Missing the Lesson

pig- strawJason’s Beta Club just completed their end of the year service project last week.  They were hosts and servers at the Paragon Academy’s dinner theater production of “Fractured Fairy Tales.”  Besides assisting with the meal, each club member was tasked to create a table decoration with a fairy tale theme.  Jason’s assignment was the Three Little Pigs.  While we were working with bricks, sticks and bundles of straw to pull our idea together, I couldn’t help but think about how this story has morphed over the years.

pig- sticksWhen I was a kid, the tale had a tragic ending for the two piglets who didn’t plan and build wisely.  After the big bad wolf blew down their houses, they were eaten.  Only the one who took the time to use solid building materials made it safely through to the end of the story.

pig- brickBy the time Laura was born and I was buying children’s books for her, the story had changed, and the two unwise piggies were no longer an after work snack for the wolf.  Instead they escaped their dire fate by seeking shelter in the home of their brick-building brother.

The story had mutated even more by the time Leia was a toddler.  Not only were the two foolish pigs saved from harm in the version she was given, but by the end, the wolf was rehabilitated and worked at the local carnival using his ‘huffing and puffing’ skills to blow up balloons for the other farm animals.  And of course, after he was redirected and no longer misunderstood, they all lived happily ever after.  The End.

There was just something that never sat right with me about that rendition, and I think I finally figured it out.  While there are definitely some things that children need to be shielded from in this world, changing this story robs it of the lesson it’s supposed to teach.  That is, there are sometimes devastating consequences that come from being unprepared.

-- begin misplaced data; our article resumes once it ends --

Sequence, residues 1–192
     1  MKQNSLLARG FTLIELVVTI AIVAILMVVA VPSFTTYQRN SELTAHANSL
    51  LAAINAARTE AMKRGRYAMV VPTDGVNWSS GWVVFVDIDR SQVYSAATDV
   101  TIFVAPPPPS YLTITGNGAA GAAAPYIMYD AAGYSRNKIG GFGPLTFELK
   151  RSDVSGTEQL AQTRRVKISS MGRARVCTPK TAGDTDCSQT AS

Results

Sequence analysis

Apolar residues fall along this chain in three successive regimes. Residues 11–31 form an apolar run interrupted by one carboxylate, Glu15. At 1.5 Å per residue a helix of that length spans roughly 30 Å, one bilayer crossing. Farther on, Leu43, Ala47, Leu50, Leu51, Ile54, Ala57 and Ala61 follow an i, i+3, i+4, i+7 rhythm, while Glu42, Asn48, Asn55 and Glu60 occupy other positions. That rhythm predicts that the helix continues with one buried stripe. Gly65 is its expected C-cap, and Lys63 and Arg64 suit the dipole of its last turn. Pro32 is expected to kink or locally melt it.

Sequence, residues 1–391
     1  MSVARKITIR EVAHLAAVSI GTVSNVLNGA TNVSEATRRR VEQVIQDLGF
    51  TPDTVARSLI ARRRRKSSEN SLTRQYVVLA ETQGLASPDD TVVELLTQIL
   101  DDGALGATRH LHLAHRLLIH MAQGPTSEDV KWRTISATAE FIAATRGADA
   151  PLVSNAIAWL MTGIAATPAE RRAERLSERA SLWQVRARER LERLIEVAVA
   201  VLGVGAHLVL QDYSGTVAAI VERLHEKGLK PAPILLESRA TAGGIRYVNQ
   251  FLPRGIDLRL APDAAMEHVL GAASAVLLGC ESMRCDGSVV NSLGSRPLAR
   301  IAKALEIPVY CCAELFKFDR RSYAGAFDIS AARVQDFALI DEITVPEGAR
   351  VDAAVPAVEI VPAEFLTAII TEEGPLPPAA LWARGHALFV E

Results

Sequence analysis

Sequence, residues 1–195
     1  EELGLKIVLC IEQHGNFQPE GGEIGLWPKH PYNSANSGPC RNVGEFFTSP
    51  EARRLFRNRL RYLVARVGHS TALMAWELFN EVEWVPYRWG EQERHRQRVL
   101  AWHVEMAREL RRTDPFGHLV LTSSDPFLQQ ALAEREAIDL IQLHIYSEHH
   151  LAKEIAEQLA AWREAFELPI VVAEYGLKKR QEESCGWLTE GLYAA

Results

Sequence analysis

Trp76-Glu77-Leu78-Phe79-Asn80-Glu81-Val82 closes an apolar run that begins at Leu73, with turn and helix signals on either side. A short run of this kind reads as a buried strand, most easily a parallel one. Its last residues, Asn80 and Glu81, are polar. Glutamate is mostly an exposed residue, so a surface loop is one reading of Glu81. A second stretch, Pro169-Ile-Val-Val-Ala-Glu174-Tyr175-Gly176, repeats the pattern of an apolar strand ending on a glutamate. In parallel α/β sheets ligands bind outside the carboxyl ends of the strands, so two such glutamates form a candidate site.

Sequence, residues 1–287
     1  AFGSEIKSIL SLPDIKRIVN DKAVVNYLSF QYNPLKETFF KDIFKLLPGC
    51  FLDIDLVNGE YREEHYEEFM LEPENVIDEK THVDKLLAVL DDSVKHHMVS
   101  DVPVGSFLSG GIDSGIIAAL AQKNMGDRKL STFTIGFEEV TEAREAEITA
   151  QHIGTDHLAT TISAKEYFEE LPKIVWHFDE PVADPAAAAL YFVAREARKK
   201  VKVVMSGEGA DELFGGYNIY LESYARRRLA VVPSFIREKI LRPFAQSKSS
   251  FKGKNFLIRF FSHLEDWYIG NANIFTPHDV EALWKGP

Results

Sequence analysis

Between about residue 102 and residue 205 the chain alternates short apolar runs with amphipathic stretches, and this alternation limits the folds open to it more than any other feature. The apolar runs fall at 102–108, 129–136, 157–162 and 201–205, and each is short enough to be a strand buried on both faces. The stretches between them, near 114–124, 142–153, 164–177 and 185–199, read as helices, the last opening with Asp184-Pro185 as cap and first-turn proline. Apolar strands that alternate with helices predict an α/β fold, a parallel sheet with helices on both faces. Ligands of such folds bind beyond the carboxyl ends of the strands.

Children’s stories aren’t the only things that are being softened and deprived of their lesson today.  Unfortunately, it happens in our churches as well.  Too often, well-meaning teachers and pastors avoid uncomfortable teachings in effort to shield potential ‘seekers’ from being offended.  However, moderating biblical content often dulls the point so much that it loses its edge.

 “For the word of God is living and active, sharper than any two-edged sword,
piercing to the division of soul and of spirit, of joints and of marrow,
and discerning the thoughts and intentions of the heart.” –
Hebrews 4:12-13 –

I don’t know anyone who particularly likes to have their motives examined or their inner thoughts exposed.  It’s something most of us would like to avoid.  Uncomfortable, to say the least.   But as the writer of Hebrews explained, a key function of scripture is to help us see ourselves as we truly are.  And knowing the truth is necessary to guard us from destruction.

If you think about it in “Three Little Pigs” language… Before we can ever seek shelter and protection in the home of our elder brother (Jesus) (Matt 12:49), we first have to be shown the flaws and shoddy workmanship of the inadequate shelter that we’ve constructed for ourselves.  What good does it do for us to feel good about the strength of our walls if they are really poor protection against our very real spiritual enemy who seeks to devour us? (1 Pet. 5:8)   If we’re not properly prepared for our attacker’s inevitable assault, we’ll find ourselves defenseless when our doors are blown down and we’re scrambling to find protection.  Our enemy is a terrifying adversary who is bent on our destruction and cannot be reasoned with or rehabilitated.  If we’re going to be well-prepared to endure the darkening days ahead, we must be discerning enough to turn away from those who seek to tickle our “itching ears” (2 Tim 4:3), and tough enough to listen and act on the instruction of strong and faithful Christian leaders and friends who will “speak the truth in love.”  (Eph 4:25)

pig- wolf

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